- of or relating to syntax: syntactic errors in English; the syntactic rules for computer source code.
- consisting of or noting morphemes that are combined in the same order as they would be if they were separate words in a corresponding construction: The word blackberry, which consists of an adjective followed by a noun, is a syntactic compound.
Origin of syntactic
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Examples from the Web for syntactical
"Parole in libert," words free from syntactical shackles are the words with which we shall fight the battle of the future.Idling in Italy
The cause of this variation in the force of the two beats is to be sought in the laws of the syntactical accent.A History of English Versification
The instrumental, locative and dative are mixed in one case, partly for phonetic, partly for syntactical reasons.
It coincides less closely than the cesura with syntactical and rhetorical pauses.
Less generally, the rhetorical or syntactical accent in the same way takes precedence of the metrical.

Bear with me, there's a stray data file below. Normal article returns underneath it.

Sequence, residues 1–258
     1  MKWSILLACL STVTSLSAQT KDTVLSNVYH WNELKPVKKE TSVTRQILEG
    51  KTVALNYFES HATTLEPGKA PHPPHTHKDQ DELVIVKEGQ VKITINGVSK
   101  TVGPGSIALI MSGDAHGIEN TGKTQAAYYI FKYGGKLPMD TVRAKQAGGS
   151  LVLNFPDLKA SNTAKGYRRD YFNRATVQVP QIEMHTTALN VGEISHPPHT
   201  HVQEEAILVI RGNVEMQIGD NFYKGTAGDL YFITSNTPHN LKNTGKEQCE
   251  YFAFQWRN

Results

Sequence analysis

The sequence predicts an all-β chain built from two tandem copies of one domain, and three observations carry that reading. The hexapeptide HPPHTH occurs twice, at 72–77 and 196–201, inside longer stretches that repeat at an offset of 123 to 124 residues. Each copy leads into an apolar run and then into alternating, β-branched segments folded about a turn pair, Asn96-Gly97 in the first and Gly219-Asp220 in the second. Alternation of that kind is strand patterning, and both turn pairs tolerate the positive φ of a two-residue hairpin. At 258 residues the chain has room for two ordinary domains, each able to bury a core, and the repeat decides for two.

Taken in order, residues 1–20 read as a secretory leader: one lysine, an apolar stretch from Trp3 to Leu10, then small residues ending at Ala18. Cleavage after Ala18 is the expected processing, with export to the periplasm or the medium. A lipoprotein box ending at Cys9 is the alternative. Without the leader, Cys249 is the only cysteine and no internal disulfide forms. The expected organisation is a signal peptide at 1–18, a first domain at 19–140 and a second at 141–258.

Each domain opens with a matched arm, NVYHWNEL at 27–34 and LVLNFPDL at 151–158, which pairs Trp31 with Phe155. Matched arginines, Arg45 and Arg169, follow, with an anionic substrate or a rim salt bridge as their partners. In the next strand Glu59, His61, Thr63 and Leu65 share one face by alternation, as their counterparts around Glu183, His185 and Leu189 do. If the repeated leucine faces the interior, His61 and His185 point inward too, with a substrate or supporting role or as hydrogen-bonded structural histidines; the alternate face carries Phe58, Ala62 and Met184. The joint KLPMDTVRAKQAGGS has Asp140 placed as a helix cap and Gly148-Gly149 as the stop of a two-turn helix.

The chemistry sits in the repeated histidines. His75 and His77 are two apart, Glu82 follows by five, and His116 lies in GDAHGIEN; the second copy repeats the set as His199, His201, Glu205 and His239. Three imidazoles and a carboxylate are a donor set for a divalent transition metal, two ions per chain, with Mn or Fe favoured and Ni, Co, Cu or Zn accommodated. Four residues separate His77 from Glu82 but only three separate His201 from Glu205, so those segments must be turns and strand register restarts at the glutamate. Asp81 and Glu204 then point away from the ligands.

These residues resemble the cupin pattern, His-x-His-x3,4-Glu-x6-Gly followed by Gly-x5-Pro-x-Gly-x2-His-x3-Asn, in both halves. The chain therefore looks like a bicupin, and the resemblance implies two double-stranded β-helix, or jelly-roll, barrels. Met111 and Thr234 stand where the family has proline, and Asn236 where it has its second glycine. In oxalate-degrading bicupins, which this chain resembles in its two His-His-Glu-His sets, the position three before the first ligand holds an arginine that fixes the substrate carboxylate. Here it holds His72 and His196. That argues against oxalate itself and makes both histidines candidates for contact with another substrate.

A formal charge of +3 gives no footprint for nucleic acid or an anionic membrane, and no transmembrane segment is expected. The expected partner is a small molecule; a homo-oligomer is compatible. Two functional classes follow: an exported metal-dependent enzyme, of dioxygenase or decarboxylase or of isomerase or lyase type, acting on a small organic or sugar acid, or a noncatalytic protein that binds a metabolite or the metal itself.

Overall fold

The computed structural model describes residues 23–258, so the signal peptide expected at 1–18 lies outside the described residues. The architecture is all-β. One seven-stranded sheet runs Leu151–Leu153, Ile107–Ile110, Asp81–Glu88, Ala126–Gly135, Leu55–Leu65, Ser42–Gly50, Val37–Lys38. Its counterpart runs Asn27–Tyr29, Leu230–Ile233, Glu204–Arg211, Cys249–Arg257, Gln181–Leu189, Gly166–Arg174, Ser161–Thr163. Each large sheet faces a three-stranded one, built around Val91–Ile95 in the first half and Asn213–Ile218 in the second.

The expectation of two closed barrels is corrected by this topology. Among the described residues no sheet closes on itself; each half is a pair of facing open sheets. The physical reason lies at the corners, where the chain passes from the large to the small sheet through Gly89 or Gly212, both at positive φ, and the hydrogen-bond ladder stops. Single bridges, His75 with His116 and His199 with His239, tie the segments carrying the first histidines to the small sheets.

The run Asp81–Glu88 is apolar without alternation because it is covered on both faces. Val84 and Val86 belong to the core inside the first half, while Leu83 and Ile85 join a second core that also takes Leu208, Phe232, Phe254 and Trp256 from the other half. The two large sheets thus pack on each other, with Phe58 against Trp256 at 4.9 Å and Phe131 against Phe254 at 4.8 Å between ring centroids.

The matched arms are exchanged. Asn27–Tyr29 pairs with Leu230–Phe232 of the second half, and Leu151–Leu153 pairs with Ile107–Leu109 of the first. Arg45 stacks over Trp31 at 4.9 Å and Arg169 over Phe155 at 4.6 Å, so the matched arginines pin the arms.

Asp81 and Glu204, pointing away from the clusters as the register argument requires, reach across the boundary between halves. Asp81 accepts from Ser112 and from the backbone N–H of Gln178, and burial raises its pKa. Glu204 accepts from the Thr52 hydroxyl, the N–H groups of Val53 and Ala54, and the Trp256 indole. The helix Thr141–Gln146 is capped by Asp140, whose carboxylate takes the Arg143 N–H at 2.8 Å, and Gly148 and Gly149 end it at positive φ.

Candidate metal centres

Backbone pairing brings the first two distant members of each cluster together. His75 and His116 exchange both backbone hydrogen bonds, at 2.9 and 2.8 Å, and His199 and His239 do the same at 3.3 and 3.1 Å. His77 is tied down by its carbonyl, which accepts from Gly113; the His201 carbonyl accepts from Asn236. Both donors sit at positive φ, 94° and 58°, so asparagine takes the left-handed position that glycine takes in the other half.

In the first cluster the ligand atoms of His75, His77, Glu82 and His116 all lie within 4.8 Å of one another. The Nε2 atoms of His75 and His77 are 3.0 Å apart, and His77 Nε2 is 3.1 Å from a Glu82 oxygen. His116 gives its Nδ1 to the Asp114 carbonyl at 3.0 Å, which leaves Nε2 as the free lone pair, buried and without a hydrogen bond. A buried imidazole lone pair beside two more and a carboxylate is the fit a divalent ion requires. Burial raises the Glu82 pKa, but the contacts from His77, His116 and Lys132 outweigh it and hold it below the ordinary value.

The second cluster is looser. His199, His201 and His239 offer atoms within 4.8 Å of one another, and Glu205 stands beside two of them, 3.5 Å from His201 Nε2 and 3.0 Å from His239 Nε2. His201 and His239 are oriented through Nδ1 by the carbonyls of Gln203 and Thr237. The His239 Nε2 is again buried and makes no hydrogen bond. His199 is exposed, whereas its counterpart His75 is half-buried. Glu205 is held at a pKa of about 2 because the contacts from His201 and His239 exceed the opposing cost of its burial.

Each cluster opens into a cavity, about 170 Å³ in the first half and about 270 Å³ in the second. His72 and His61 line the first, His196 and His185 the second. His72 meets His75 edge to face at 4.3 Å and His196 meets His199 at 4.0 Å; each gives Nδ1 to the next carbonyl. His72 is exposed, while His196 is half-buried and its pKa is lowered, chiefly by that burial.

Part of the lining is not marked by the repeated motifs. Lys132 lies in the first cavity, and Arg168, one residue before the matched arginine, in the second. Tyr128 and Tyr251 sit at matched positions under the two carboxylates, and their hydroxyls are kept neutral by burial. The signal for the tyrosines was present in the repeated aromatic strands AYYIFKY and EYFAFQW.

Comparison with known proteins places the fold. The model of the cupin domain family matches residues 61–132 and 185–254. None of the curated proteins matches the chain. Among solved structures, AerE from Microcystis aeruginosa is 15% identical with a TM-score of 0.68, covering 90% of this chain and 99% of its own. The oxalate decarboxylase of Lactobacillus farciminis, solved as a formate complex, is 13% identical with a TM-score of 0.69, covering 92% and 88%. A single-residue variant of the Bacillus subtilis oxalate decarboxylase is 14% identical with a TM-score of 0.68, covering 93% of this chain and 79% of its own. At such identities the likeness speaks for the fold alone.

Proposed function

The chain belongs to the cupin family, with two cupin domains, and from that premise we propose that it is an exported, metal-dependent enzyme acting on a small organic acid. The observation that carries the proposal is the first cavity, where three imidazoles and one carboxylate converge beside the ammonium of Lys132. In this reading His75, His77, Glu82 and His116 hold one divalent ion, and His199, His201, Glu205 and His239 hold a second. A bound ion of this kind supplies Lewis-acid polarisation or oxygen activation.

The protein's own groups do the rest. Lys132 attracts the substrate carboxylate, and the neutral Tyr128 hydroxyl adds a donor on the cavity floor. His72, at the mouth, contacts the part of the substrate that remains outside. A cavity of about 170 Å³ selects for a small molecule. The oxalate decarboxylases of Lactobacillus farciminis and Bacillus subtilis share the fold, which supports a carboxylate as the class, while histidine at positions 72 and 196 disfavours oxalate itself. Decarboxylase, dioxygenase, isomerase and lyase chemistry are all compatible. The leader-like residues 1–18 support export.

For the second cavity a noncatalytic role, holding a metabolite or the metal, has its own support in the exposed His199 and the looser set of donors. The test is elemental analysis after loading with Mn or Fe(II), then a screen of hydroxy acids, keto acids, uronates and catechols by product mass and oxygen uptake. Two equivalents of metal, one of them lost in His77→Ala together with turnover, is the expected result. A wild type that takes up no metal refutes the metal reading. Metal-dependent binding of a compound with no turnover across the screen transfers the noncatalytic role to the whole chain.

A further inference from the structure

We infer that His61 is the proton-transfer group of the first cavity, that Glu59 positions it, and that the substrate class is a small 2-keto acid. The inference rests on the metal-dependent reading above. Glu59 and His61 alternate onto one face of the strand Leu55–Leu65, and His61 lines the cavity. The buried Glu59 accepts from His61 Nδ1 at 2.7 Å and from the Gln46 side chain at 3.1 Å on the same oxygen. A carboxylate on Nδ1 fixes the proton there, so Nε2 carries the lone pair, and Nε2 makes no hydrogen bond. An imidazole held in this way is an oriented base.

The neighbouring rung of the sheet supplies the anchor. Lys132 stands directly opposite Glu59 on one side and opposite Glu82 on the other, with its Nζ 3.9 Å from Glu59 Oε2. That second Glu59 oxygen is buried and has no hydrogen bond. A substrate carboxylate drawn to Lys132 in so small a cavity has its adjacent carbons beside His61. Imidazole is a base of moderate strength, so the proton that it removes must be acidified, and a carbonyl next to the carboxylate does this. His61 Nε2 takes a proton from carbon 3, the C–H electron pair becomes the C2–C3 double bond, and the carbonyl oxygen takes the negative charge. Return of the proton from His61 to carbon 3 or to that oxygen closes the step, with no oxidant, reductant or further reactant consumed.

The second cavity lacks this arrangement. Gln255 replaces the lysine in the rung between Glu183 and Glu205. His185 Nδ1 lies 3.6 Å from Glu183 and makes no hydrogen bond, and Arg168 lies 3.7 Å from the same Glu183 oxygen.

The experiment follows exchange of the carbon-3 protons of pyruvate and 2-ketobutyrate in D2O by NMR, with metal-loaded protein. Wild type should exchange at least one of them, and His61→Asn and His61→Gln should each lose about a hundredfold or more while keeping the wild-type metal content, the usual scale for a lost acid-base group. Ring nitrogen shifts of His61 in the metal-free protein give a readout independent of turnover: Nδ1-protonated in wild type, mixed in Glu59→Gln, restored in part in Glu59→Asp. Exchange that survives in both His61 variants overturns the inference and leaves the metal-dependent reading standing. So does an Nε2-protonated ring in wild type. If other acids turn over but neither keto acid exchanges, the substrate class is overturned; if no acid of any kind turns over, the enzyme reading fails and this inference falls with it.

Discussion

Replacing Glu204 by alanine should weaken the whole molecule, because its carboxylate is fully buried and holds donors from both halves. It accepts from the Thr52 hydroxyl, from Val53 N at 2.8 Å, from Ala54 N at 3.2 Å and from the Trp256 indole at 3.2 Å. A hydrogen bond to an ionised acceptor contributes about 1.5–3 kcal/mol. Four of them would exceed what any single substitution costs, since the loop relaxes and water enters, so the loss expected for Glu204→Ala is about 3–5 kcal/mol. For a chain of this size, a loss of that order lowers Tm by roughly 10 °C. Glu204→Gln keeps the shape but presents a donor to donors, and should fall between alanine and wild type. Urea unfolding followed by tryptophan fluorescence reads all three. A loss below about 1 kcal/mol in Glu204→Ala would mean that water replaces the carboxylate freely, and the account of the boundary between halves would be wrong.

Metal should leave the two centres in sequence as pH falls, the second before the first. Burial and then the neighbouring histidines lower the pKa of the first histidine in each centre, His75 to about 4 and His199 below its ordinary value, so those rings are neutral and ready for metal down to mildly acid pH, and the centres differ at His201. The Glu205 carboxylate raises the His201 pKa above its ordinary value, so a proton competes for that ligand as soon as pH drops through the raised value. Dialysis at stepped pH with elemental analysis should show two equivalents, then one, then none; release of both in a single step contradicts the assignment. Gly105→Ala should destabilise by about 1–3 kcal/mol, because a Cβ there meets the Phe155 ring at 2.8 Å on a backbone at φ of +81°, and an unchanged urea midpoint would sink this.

- Also: synˈtactical relating to or determined by syntax
- logic linguistics describable wholly with respect to the grammatical structure of an expression or the rules of well-formedness of a formal system
Collins English Dictionary - Complete & Unabridged 2012 Digital Edition © William Collins Sons & Co. Ltd. 1979, 1986 © HarperCollins Publishers 1998, 2000, 2003, 2005, 2006, 2007, 2009, 2012
Word Origin and History for syntactical
1570s, from Modern Latin syntacticus, from syntaxis (see syntax). Related: Syntactically.
1807, from Modern Latin syntacticus, from Greek syntaktikos, from syntassein (see syntax).
Online Etymology Dictionary, © 2010 Douglas Harper